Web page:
Corporate Travelers More Positive About Travel After Vaccinations
Latest GBTA poll shows vaccine rollout and testing increase the willingness to hit the road
The survey of corporate travel buyers and procurement professionals found an increase in the willingness of their employees who are ready to get back on the road, with more than half (55 percent) saying travelers are “willing” or “very willing” to travel for business in the current environment, up from 49 percent in the January poll.
Just 17 percent of the respondents feel their employees are unwilling to travel for business at the present time.
Almost half (49 percent) support mandatory COVID-19 testing for employees prior to travel to ensure the safety of customers and clients when meeting face-to-face. European respondents more likely (58 percent) than North American respondents (44 percent) to see mandated testing as “good policy.”
And the poll found a majority of members and stakeholders (58 percent) support airlines requiring that passengers provide proof of vaccination in order to fly (once vaccines become more readily available). European respondents (65 percent) are more likely than those in North America (54 percent) to support proof of vaccination to fly.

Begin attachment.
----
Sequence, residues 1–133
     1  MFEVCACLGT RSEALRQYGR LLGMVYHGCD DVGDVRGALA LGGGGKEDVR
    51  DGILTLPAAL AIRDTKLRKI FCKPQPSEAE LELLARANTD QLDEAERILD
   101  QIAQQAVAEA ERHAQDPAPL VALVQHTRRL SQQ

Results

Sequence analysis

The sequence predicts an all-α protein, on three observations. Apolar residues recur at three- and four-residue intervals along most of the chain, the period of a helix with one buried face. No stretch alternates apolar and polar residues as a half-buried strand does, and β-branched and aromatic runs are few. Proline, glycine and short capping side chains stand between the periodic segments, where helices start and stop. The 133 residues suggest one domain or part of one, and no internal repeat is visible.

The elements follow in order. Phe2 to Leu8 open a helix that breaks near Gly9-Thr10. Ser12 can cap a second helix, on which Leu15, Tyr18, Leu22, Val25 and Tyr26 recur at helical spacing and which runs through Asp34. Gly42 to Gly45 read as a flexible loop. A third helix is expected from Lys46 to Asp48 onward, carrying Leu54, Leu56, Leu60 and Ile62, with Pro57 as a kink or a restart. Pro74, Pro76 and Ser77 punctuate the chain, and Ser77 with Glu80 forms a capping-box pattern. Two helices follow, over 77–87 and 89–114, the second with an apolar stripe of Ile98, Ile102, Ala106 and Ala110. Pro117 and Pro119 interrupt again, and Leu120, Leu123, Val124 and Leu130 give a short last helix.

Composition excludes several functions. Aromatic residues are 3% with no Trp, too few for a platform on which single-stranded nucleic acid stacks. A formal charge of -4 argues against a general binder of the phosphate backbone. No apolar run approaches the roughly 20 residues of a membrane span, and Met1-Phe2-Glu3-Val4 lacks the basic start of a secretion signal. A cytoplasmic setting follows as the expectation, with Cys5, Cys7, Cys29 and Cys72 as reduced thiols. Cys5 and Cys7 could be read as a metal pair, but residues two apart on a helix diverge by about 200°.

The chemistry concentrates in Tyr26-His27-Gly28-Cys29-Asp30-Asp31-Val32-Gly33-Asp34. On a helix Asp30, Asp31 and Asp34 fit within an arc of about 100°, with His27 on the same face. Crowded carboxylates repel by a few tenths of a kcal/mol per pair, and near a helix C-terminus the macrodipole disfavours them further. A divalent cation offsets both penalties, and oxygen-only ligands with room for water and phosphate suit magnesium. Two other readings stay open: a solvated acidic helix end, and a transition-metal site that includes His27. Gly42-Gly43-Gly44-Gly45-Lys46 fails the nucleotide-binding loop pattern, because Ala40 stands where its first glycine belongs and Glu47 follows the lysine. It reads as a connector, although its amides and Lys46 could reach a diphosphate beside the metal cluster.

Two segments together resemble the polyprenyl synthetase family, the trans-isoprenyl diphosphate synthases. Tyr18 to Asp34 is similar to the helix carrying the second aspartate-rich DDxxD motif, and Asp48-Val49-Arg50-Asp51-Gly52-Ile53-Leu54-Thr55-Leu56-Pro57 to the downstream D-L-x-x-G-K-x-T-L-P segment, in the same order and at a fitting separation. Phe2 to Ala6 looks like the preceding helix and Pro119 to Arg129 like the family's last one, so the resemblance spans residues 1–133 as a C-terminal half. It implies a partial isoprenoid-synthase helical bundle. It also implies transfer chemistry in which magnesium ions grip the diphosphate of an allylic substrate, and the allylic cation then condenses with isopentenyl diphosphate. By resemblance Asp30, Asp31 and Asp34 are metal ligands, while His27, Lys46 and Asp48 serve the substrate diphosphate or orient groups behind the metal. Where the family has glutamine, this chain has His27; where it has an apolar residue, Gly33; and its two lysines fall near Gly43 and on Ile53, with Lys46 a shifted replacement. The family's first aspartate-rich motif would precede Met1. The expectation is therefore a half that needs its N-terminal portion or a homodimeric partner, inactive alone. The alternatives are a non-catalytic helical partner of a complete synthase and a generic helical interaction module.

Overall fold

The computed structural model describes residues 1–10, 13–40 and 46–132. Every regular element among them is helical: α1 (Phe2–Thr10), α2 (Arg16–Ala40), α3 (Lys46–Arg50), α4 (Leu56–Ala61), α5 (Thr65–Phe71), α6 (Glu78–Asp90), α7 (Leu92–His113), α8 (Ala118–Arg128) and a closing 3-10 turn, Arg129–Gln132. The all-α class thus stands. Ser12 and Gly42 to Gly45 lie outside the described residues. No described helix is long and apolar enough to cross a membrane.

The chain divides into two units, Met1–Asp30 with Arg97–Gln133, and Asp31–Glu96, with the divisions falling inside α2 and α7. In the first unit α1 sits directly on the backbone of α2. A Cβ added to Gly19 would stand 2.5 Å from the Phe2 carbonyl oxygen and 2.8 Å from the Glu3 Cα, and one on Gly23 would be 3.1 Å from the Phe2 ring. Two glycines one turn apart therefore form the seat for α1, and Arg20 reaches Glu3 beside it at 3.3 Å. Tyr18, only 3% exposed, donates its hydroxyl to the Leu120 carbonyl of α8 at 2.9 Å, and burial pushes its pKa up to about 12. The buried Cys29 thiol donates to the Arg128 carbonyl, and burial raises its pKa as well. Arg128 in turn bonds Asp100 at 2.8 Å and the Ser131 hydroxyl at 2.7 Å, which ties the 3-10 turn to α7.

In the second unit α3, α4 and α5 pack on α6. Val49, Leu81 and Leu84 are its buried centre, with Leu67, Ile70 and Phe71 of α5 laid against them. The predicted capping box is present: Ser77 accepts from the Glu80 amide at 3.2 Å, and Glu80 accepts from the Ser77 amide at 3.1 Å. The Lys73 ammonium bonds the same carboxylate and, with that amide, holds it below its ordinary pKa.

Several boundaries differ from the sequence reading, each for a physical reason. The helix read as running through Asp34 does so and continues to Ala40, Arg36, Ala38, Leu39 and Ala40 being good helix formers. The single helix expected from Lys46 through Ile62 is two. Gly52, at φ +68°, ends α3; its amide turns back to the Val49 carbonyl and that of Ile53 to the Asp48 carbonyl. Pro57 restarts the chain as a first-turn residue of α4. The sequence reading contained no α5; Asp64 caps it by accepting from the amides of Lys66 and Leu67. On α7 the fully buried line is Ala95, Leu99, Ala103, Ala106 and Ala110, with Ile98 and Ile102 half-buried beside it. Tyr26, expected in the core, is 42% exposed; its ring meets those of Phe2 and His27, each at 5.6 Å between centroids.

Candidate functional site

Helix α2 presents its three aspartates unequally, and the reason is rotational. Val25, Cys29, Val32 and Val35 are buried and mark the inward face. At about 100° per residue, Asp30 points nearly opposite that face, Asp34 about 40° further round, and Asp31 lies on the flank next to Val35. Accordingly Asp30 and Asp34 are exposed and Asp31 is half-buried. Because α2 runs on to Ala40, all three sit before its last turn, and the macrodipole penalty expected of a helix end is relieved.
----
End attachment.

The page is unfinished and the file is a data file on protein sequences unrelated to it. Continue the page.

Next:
Still most GBTA member companies have not opened international (89 percent) or domestic (64 percent) travel. While a strong majority (76 percent) continue to report they have suspended or cancelled all business travel regardless of location, a quarter of companies have restarted at least some business travel, a nearly 10 point rise over previous GBTA polls.
“As vaccination programs ramp up globally, traveler and corporate confidence is starting to return,” said Dave Hilfman, GBTA’s interim executive director. “It is reassuring to hear so much discussion around business travel resuming and a change in sentiment from 16 percent to 25 percent of GBTA members and stakeholders who have resumed some domestic business travel in the last month.”
Over two-thirds (68 percent) say border closures and restrictions have reduced business travel at their company, and over half say the measure have impacted their company’s recovery efforts in 2021, either by hampering travel (43 percent) or restricting imports/exports of goods and services needed by their company (10 percent).
Nevertheless, business travel spending is forecast to increase 21 percent in 2021, according to the GBTA’s annual BTI Outlook released earlier this month. Most of the growth expected to come at the end of the year as vaccinations increase globally.
The GBTA study is predicting that overall business travel spending will recover its pre-pandemic levels by 2025.